What al-Ḥā’irī says aids us in our point, that there is no universal principle here, and the example he gives shows us that customs can differ over what is reprehensible or not in some cases. Let us alter the example of al-Ḥā’irī as follows: “Respect the scholars” and then later on we may say, “Do not respect anyone except an expert and the most learned in every field and discipline,” and assume that the word ‘scholars’ in one custom is a generic term and not restricted to an expert – jurist – only, then in this situation this would be a case of takhṣīṣ al-akthar and reprehensible.

All of this shows us that scholars and legal theorists all realized there were cases where a takhṣīṣ would feel reprehensible to them, while in other cases it would not feel reprehensible. This further solidifies our point that this is a very relative matter and a lot of different variables are at play, such as the topic, sentence structure, context etc.

7. Shahīd al-Ṣadr has said there is no problem of doing takhṣīṣ of one category or multiple categories. For example, if you say “Respect the scholars”, and then say “Do not respect X, Y, Z,” it does not really matter, because what is relevant is the practical consequence of this exception and restriction.

This point raised by Shahid al-Ṣadr is also generally true and correct. In other words, if someone says, “Respect all the astronomers”, but then says, “Do not respect any astronomer except Iraqi astronomers”, then this is reprehensible (assuming there are almost no Iraqi astronomers) as practically speaking the first proposition demanding respect for astronomers is a moot-point with no practical consequences.

8. A number of scholars – such as Shaykh Anṣāri, Ākhund Khorasānī – have said that takhṣīṣ which is reprehensible is that which is done on a category, not on an instance.

For example, if you say “Respect scholars”, then say “Do not respect the sinful scholars, do not respect scholars of syntax, do not respect scholars of morphology,” etc. until you exclude dozens of categories of scholars, and assume only four or five categories of scholars are left then this is reprehensible.

However, if the quantitative instances of scholars under each of those categories excluded were so little, and the quantity remaining in the last four or five categories of scholars is a significant amount, then that is not generally considered reprehensible by society.

This point is also generally correct, but not absolutely and universally correct. Consider the example, “Respect all the jurists of law,” followed by, “Do not respect male jurists,” then this is not an example where takhṣīṣ al-akthar has occurred on multiple categories. Nevertheless, from external reality we know that the physical instances of male scholars are such a significant amount compared to female jurists, that there will be no one left to respect.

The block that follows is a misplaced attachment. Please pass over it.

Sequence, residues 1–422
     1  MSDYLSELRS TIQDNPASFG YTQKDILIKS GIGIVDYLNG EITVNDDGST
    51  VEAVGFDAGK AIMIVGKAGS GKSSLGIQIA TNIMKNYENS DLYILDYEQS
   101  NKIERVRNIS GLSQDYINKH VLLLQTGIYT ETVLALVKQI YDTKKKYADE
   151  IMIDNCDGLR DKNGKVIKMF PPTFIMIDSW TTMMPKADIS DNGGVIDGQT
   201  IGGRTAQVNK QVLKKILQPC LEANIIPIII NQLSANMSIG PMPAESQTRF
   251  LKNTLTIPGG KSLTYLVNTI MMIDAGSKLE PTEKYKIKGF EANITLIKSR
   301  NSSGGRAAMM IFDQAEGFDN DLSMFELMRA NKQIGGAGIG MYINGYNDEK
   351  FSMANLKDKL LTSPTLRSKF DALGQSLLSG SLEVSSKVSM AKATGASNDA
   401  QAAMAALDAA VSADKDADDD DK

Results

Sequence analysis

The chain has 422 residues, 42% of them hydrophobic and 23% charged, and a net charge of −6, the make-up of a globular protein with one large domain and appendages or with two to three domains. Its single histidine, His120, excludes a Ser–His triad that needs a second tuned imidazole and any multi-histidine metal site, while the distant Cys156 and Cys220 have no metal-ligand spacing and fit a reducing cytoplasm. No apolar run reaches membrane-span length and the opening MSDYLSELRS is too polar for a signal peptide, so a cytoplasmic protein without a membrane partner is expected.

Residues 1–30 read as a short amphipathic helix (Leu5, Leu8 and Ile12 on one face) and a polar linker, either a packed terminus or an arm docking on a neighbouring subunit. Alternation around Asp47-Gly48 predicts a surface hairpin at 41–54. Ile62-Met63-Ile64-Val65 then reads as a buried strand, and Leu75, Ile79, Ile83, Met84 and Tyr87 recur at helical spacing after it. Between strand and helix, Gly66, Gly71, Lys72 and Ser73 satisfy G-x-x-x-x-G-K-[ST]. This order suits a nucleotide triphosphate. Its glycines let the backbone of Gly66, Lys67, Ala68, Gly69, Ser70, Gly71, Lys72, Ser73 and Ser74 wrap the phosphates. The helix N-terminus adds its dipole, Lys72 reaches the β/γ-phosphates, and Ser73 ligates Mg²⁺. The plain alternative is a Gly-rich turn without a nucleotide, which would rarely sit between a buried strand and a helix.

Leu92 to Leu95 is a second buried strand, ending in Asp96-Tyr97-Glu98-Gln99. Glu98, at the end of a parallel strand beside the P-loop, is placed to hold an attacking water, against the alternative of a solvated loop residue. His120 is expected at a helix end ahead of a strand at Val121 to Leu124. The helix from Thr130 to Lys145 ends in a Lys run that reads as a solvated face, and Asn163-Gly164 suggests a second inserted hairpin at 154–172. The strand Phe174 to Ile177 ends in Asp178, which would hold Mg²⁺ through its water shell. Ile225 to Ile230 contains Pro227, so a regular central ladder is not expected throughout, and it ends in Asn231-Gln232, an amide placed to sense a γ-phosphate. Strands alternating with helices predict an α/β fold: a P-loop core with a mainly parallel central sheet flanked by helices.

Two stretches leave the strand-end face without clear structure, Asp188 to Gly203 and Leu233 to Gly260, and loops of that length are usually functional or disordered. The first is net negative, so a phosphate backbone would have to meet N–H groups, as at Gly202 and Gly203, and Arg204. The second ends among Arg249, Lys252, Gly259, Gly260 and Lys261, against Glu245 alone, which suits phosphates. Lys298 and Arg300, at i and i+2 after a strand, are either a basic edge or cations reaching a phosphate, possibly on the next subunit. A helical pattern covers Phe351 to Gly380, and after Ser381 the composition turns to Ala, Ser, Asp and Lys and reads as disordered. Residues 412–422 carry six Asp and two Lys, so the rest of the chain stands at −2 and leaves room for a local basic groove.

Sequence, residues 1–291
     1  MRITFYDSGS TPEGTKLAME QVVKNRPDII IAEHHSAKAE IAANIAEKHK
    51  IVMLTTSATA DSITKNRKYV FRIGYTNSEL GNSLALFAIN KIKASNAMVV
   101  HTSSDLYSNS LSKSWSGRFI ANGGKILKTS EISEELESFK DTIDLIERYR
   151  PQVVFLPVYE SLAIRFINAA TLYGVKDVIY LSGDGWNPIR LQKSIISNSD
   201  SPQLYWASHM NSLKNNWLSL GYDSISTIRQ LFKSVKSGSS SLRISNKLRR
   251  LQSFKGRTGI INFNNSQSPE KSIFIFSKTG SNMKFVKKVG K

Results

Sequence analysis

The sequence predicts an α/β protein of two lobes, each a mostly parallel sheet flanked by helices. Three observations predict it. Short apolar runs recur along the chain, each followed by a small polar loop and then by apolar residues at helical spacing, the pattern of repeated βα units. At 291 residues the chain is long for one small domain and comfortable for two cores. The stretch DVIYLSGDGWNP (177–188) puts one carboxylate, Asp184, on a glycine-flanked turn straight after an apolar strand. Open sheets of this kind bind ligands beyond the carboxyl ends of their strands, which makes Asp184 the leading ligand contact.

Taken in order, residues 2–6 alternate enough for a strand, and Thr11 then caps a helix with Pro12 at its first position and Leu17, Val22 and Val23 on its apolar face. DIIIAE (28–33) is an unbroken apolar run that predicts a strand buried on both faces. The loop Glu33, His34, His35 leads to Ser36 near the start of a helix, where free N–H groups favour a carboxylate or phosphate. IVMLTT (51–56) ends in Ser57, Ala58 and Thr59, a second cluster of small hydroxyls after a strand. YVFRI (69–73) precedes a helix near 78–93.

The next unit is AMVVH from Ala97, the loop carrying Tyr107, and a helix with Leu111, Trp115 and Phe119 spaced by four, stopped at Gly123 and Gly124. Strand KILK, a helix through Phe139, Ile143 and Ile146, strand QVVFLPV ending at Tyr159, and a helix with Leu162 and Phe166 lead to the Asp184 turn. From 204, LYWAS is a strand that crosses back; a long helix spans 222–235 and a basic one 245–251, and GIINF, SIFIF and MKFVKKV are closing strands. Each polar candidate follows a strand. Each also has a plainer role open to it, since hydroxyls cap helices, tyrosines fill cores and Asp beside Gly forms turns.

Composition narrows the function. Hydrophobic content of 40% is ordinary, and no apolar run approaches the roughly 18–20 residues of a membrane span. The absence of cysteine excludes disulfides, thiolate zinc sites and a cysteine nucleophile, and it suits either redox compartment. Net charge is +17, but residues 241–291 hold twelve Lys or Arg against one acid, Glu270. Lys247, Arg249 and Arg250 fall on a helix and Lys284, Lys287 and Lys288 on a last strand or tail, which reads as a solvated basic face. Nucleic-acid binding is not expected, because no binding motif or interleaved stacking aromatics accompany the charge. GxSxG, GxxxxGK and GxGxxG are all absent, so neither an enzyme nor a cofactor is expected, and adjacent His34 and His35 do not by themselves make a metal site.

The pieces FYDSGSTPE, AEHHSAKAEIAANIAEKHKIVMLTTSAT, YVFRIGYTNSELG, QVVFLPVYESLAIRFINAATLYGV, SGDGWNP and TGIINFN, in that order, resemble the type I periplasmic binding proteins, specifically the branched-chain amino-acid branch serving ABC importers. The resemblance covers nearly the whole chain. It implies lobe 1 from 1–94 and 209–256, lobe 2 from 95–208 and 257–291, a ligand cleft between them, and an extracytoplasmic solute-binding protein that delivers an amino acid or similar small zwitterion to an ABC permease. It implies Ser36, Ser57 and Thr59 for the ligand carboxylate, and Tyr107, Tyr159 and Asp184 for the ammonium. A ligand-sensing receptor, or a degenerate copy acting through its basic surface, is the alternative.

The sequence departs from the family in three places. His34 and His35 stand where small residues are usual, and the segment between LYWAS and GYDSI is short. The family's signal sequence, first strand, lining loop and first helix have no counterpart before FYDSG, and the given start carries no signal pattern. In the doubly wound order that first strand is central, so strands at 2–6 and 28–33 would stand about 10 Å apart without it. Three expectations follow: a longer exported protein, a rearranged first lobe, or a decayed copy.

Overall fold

In conclusion, it is not appropriate to restrict reprehensibility of takhṣīṣ al-akthar to just the number of categories, rather once again, the criterion appears to be what society and people in any given custom seem to perceive.

9. If takhṣīṣ al-akthar which happens to be reprehensible does end up occurring in a text that has come down to us, and we deny its possible occurrence from God or an infallible, what are its consequences?

The consequence is that you have an unresolved contradiction between a generic (‘ām) statement and a specific (khāṣṣ) statement. This is because either the generic statement was said and the specific statement that results in takhṣīṣ al-akthar was not said, or the exceptions were indeed uttered, but the generic statement was not made at all or was not originally uttered in the way that it results in reprehensibility. In this situation, we will have to refer back to the preference indicators (murajjiḥāt), and if none of those are applicable, it will result in tasāquṭ.

10. What Sayyid Khū’ī and some of his students have mentioned regarding al-qāḍiya al-khārijīyyah not being reprehensible, unlike al-qaḍīya al-ḥāqīqīyyah, then that is also problematic. I believe this is a completely fallacious approach since the discussion has nothing to do with knowing the quantity of instances that are being excluded. Rather the entire discussion is about how people speak and communicate, and how they convey meanings.


Even though some have tried to argue that takhṣīṣ al-akthar is justified since we are merely dealing with conventional matters, not rational matters, and that the principle does not exist, we believe that there are definitely some exceptions that do exist. However, this does not mean that the entire principle is pointless. It is better to say that just like the principle is not always universally applicable, it is also not universally inapplicable. There are times where society will consider takhṣīṣ al-akthar reprehensible, and at times they will not.

If the entities being restricted and excluded reach a certain point, or the way in which a point is conveyed, leads to irrelevance – laghw – of the generic statement, or the rational common people of society consider it reprehensible, in that case we say takhṣīṣ al-akthar is wrong and not wise.


  1. See for example, Miṣbaḥ al-Huda fī Sharḥ al-‘Urwah al-Wuthqa, vol. 1, pg. 363; Madārik al-‘Urwah, vol. 2, pg. 116; Jāmi‘ al-Madārik, vol. 5, pg. 174.
  2. Miṣbāḥ al-Uṣūl, vol. 2, pg. 537-538
  3. Kitāb al-Tahārah, vol. 1, pg. 392-393.
  4. Mabāḥith al-Uṣūl, vol. 2, pg. 237.